years after Hawaii became a state, Congressman Leo O'Brien recalled the swearing in of its
first Congressman. "On that day, a young man, just elected to Congress from
the brand new state, walked into the well of the House and faced the late Speaker Sam
Rayburn. The House was very still. It was about to witness the swearing in,
not only of the first congressman from Hawaii, but the first American of Japanese descent
to serve in either House of Congress.
"'Raise your right hand and repeat after me,' intoned Speaker Rayburn.
"The hush deepened as the young Congressman raised not his right hand but his left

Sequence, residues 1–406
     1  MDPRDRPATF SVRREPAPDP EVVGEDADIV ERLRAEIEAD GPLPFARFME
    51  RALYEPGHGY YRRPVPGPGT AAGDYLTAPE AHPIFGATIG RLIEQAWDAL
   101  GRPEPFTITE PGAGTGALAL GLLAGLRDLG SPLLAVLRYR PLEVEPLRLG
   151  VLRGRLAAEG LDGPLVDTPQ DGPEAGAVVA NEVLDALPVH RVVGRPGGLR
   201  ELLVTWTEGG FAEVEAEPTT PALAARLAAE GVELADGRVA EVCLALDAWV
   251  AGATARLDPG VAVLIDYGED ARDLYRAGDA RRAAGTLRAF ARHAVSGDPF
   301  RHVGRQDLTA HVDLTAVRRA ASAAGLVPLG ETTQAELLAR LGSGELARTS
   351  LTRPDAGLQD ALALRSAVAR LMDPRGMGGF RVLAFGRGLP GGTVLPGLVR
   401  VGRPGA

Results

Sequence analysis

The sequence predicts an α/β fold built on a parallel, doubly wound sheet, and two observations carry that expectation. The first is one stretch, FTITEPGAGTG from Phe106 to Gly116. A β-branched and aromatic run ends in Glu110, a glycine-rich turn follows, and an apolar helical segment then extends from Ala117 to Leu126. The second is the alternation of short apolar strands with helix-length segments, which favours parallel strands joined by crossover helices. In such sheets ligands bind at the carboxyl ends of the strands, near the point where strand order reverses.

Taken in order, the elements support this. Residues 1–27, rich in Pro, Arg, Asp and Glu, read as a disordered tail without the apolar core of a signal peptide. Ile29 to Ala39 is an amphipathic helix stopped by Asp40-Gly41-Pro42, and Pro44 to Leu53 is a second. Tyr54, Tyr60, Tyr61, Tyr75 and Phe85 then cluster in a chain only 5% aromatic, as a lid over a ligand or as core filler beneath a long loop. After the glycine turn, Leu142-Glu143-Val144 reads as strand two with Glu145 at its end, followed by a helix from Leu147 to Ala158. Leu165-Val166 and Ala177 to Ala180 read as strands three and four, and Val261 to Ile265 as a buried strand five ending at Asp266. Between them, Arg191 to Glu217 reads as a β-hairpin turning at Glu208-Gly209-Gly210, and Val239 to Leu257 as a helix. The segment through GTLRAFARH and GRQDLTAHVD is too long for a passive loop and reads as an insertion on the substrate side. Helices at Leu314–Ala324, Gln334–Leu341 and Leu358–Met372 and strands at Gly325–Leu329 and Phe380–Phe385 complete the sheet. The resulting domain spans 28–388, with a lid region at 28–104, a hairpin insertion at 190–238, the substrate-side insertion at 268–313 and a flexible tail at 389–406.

and he repeated the oath of office. There was no right hand. It had been lost
in combat by that young American soldier in World War II. Who can deny that, at that
moment, a ton of prejudice slipped quietly to the floor of the House of Representatives."
A young lieutenant's dreams of becoming a doctor had died the day he attacked
the enemy alone, in advance of his men, to save them from the fire of hidden
machineguns. Despite repeated wounds, he did his job. Then he returned home to
continue his American service.